FIGS. 4 and 7 depict the magazine or cassette which is to be inserted into the apparatus shown in FIGS. 2 and 3.
FIG. 4 is a top view of the magazine, which contains a cover 60 which may be made transparent in the center section so that the pills may be viewed when locked to determine what type pills, and how many are contained in each magazine. For aesthetic purposes, it is contemplated that the cover will be opaque at the outer edges, or an additional undercover at the borders may be used to hide the switching circuitry as can be seen in FIG. 5. Opening 61 allows pills dispensed from above to drop through the cover. The cover may be unlocked at lock 62, and is hinged at 64 and 65 so that the pharmacist, or other authorized personnel filling a prescription, may fill each compartment with a unit-dose prescribed for the particular patient. The compartment aligned between the top opening 61 and bottom opening 68 is not filled. In the preferred method of dispensing pills, it is contemplated that seven compartments will be filled, each compartment containing a unit-dose of one particular pill which is to be dispensed to the patient at one particular time of the day. This would meet the requirements of the patient for at least four different days with three backup pills for emergency situations where the patient may require an additional dosage, or may have split out the first dose. Thus, by filling a separate magazine for each different pill for each different time of the day, the patient's needs for at least four days can be filled at one time. This eliminates the daily dispensing by the pharmacy, and emergency dispensing where a patient requires additional dosages. From the pharmacy's viewpoint, since many patients are prescribed standard pills in standard dosages, unit-doses of a large number of pills may be placed in the magazines in advance, and when such a dosage is prescribed for a particular person, a label may simply be typed on the front of the magazine and sent to the hospital or the nursing home. Also where certain medication is no longer needed by a patient, and the medication contained in a magazine has not been fully dispensed, it may be returned to the pharmacist, who will fill the empty compartments so the magazine can be used by another patient. This may be done, since at no time have any of the pills returned been touched from the time the cover was first locked by the pharmacist. It is contemplated that the rotatable unit 70 having sidewalls 72 and 74 extending from the center section 76 to form compartments may be molded of an inexpensive plastic which will in no way contaminate the pills it contacts. Alternatively, throw-away rotatable units, easily removed by unscrewing screw 78, may be used where certain drug regulations may require it. Further, it is contemplated that the transparent center section of cover 60 be made of light resistant material, so that the pills are not degraded by light during storage. Slots 80 and 82 are openings which are utilized to snap the magazines together so that all of the pills prescribed for a patient at a particular time may be inserted into the machine at one time as previously discussed.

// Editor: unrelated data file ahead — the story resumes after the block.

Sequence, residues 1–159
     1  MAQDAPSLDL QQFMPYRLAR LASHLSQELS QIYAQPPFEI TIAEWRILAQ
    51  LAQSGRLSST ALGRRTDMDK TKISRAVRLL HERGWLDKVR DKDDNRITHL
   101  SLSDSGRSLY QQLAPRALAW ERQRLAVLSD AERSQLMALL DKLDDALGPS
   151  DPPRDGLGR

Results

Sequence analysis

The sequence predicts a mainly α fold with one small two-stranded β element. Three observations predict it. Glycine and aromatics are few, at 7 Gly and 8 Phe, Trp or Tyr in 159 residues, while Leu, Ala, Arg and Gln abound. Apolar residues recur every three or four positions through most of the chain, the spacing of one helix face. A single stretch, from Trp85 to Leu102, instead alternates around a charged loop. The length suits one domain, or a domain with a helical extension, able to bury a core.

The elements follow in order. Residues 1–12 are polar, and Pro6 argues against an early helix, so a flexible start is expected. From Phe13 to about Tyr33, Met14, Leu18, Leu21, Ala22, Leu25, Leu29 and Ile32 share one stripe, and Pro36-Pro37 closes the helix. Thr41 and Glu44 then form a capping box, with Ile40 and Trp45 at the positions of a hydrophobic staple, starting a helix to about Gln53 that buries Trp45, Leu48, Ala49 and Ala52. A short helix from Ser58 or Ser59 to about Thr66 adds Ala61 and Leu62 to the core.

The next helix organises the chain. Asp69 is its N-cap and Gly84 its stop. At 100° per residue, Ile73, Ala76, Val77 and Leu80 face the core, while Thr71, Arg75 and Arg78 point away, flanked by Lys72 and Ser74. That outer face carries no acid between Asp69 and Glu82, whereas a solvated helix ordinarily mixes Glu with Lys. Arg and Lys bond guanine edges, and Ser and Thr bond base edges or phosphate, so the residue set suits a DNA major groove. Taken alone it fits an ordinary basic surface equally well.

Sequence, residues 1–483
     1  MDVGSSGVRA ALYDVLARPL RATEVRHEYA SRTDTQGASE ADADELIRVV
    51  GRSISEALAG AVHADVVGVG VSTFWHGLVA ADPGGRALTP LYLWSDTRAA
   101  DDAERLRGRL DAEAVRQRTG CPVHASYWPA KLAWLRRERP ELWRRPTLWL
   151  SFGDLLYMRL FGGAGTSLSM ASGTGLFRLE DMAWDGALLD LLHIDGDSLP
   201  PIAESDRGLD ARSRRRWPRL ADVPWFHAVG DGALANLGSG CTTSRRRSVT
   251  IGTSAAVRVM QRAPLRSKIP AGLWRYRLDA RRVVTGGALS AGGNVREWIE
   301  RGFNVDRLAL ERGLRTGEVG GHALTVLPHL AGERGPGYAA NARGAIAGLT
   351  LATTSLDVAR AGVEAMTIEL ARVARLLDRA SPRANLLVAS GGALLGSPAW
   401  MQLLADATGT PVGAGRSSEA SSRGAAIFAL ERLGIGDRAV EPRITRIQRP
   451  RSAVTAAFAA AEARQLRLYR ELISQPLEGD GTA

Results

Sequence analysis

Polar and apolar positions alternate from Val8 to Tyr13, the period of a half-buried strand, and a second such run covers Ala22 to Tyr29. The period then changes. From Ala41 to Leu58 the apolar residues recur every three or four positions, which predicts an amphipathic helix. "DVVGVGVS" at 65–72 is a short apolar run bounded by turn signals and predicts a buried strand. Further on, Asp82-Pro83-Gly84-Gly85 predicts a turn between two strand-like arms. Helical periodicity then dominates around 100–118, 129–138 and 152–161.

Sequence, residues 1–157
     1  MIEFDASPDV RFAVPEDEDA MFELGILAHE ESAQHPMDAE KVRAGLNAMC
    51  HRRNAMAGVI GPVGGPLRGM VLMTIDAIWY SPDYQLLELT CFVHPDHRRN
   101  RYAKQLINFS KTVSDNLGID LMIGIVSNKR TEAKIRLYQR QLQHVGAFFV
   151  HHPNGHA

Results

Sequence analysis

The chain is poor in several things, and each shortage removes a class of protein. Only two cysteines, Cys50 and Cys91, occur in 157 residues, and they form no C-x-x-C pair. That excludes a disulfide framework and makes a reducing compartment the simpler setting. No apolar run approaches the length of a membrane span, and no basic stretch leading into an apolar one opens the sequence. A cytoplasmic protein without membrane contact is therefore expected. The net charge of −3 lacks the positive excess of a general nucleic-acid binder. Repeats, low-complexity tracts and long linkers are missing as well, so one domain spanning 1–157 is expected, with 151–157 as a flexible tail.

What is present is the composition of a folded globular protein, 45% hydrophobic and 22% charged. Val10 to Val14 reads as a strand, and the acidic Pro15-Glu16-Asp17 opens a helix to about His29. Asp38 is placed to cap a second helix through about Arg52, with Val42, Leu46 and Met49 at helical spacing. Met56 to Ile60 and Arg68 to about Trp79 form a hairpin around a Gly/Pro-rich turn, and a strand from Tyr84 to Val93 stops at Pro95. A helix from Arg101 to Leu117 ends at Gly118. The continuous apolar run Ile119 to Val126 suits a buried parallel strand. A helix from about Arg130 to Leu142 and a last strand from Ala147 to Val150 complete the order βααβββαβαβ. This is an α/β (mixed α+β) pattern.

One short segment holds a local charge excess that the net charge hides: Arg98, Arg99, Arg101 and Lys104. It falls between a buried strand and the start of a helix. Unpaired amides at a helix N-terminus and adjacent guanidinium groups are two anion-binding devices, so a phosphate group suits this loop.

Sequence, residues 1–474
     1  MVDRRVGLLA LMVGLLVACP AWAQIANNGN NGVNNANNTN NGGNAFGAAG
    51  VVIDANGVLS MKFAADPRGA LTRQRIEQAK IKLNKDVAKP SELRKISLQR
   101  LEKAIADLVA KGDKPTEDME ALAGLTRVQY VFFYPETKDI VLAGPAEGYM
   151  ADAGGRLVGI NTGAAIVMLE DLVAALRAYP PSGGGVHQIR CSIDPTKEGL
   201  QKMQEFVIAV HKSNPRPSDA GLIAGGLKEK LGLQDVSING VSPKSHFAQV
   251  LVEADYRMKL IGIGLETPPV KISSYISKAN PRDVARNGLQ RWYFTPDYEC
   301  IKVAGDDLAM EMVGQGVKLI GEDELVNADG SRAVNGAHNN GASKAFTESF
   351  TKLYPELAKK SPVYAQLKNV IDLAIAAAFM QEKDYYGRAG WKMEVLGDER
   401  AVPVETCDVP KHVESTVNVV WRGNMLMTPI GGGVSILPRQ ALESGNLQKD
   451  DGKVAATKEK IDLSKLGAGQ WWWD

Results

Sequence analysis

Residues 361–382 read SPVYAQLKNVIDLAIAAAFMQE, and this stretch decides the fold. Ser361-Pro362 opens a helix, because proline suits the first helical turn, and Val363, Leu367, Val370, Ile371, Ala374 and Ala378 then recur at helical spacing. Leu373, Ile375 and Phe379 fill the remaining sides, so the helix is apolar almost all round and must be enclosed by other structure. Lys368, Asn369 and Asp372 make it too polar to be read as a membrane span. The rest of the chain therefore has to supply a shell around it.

Turning to FIG. 5, a top view of the magazine with the cover removed is shown. Notches 96 are on the outside rim of the movable compartments to serve as both a locking means and a switching device. Upon insertion of a magazine into the dispensing apparatus, rod 50, as best seen in FIG. 3, is inserted into opening 90 which when fully engaged presses spring 92 inward. Upon the movement of spring 92, locked mechanism generally designated 94 and which is depicted in the locking position in notch 96 is released. The locking mechanism 94 is caused to be pivoted outward, away from the rotatable compartment at the pivot point of screw 95, so that the compartment can be moved upon engagement with drive wheel 32 shown in FIGS. 2 and 3. Locking mechanism 94 is a rather heavy-gauge steel, so that it is almost impossible to override the lock by manually rotating the compartments without first disengaging it. Opening 90 may be configured in a key-lock configuration corresponding to a key shape which member 50, as shown in FIG. 3, nay be made to further ensure that an unauthorized person cannot insert an implement into opening 92 to release lock 94 and thereafter manually rotate the compartments to dispense the pills. Part 97 which contacts the spring to release the lock also serves to electrically connect the magazine with the dispenser since part 50 also serves as a plug and is connected to the control circuitry. Of course, a second opening in the magazine corresponding to a separate plug unit in the dispensing apparatus may be employed so that part 50 of the dispenser need not serve as both an unlocking mechanism and an electrical contact.